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Archdiocese issues liturgical directives for coronavirus prevention

A screenshot of the Archdiocese of Boston's website pointing people to coronavirus information. Pilot photo/courtesy Archdiocese of Boston

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BRAINTREE -- Amid growing apprehension of the COVID-19 (2019 Novel Coronavirus) outbreak, the Archdiocese of Boston has issued messages to parishes and schools, offering reassurance that the situation is being monitored and advice for how to prevent and prepare for the virus' potential spread.

Liturgical directives to prevent the spread of the virus were put into effect Feb. 29 and will remain effective "until determined otherwise" by Cardinal Seán P. O'Malley. These precautions are similar to those encouraged during flu outbreaks.

Holy water fonts are to be drained and cleaned regularly. The distribution of the Precious Blood during the Mass is suspended, with exceptions for people with severe cases of celiac disease. The faithful are to refrain from physical contact when exchanging the sign of peace. They may bow instead of shaking hands with people nearby.

The archdiocese's website was updated to provide information about the virus and how its spread may impact the activities of faith communities. The Catholic Schools Office sent a notice to schools about the virus, and the Office of Risk Management sent a notice to parishes.

COV-19, colloquially referred to as the coronavirus, is a respiratory illness whose symptoms can include fever, cough, or shortness of breath. According to the Centers for Disease Control, reported cases have ranged from mild symptoms to severe illness or death.

"As of February 26, 2020, the Centers for Disease Control and Prevention (CDC) reports that the virus is NOT currently spreading in the US, although they indicate that we need to be prepared as it is likely to become widespread," the Office of Risk Management said in its Feb. 28 message to parishes.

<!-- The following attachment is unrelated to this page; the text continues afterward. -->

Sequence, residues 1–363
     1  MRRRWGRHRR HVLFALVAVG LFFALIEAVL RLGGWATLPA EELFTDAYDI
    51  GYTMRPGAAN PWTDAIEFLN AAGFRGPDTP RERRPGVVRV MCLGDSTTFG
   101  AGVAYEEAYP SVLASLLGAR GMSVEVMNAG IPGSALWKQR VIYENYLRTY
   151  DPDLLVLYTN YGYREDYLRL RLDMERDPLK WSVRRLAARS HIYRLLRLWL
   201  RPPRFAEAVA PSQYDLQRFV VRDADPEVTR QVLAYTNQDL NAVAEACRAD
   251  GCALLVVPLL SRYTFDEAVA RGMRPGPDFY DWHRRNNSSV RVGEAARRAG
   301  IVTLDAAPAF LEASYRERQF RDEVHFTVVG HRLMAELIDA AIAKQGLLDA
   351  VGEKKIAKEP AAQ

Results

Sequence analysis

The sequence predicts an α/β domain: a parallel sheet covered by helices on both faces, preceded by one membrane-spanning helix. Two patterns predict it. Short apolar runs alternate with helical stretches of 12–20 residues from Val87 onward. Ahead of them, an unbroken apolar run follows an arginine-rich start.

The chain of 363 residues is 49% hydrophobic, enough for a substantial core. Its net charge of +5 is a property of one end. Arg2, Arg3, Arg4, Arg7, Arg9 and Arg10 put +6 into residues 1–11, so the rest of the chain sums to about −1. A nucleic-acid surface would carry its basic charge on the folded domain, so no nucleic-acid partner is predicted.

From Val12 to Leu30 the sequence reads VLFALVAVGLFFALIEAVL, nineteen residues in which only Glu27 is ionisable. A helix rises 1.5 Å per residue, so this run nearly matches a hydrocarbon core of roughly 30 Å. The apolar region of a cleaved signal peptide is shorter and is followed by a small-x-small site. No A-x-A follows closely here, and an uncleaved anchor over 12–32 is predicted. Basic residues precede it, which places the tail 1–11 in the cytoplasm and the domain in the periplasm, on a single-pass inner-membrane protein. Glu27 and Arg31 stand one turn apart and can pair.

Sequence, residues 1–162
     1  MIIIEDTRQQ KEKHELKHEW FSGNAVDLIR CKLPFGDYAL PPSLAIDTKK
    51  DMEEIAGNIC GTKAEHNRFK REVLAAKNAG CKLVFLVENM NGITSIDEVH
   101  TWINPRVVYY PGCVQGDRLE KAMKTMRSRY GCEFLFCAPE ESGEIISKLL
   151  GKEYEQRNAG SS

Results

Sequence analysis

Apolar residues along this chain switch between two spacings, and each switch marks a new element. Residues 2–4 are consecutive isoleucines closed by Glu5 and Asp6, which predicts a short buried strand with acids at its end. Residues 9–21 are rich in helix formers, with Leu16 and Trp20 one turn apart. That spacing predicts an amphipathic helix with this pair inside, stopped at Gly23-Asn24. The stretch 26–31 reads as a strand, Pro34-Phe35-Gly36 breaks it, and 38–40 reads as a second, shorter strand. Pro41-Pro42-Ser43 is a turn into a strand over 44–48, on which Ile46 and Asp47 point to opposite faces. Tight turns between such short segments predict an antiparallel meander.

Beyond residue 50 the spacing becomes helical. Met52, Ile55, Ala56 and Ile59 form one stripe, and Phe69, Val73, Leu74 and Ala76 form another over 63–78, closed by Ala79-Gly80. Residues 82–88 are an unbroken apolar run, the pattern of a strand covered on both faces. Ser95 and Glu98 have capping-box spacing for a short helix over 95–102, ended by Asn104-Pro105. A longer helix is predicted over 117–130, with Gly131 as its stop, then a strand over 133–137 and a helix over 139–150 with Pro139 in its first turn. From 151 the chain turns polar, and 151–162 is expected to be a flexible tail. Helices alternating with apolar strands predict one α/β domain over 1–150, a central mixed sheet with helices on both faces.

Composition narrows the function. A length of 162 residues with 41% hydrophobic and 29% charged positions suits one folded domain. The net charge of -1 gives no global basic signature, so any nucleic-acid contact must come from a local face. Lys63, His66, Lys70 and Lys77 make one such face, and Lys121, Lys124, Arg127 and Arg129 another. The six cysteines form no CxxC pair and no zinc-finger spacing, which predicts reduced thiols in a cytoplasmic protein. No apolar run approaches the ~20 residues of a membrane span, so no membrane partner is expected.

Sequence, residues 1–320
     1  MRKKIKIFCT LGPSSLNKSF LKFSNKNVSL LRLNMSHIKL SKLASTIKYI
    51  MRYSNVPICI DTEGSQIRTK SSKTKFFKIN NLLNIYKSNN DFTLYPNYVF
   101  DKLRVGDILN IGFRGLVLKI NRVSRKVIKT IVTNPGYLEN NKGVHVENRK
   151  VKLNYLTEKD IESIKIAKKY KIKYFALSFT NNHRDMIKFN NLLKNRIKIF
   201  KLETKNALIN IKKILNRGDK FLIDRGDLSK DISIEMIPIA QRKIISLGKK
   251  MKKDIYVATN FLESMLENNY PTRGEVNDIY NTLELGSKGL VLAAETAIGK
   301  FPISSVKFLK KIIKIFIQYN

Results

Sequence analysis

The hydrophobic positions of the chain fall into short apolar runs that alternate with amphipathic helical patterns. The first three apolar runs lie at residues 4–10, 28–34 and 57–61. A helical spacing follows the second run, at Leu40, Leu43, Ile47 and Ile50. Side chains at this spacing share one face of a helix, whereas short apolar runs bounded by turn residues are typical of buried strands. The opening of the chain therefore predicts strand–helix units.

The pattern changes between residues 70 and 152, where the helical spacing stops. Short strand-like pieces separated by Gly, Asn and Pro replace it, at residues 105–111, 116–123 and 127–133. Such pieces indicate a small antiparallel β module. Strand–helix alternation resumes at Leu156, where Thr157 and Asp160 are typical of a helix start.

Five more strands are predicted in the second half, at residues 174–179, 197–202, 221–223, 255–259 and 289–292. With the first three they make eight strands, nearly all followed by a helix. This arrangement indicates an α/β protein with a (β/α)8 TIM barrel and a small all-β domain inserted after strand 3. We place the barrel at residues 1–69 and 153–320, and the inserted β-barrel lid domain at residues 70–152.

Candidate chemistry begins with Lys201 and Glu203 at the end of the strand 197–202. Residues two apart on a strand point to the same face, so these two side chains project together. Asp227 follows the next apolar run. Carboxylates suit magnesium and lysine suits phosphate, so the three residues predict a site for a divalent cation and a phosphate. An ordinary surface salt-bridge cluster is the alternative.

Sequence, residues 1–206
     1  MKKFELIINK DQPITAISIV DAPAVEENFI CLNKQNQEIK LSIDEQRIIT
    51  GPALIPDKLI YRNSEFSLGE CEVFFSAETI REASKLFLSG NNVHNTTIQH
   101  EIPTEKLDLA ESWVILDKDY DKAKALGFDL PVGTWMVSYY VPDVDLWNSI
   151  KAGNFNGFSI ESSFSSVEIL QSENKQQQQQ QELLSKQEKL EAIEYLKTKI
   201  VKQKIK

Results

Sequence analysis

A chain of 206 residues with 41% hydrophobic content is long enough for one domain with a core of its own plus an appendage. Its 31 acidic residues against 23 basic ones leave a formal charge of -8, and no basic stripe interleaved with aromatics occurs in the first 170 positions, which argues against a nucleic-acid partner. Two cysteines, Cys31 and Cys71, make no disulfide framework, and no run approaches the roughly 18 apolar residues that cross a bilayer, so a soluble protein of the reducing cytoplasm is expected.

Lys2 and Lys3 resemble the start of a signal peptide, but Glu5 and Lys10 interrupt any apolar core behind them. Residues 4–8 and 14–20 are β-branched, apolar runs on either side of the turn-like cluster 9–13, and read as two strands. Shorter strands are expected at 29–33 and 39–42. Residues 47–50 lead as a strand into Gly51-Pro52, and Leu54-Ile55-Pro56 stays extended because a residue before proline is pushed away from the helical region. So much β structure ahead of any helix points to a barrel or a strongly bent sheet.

It went on to say that the first case of the virus in Massachusetts was confirmed on Jan. 31, but that "the risk to the public remains low."

In addition to observing the liturgical directives, the archdiocese recommends practicing good hygiene to prevent the spread of the virus. This includes such practices as washing hands frequently or using hand sanitizer, coughing into a tissue or elbow, and cleaning commonly used surfaces.

"This is a situation that warrants consideration but not great concern at this point. More (of) the focus should be placed on planning and educating oneself through access to the appropriate resources, such as the CDC and the DPH," Joseph McEnness, executive director of the archdiocese's Office of Risk Management, said March 3.

The archdiocese recommends checking the websites of the Centers for Disease Control, Boston Children's Hospital, and the Massachusetts Department of Public Health for updates on the emerging situation. Links to these websites and information about the coronavirus can be found on the archdiocese website: www.bostoncatholic.org.

"We recognize that we're neither a health care provider nor a public health agency. And so what we're really doing is making it easy for folks to access those authorities," MC Sullivan, chief healthcare ethicist for the archdiocese, said March 3.

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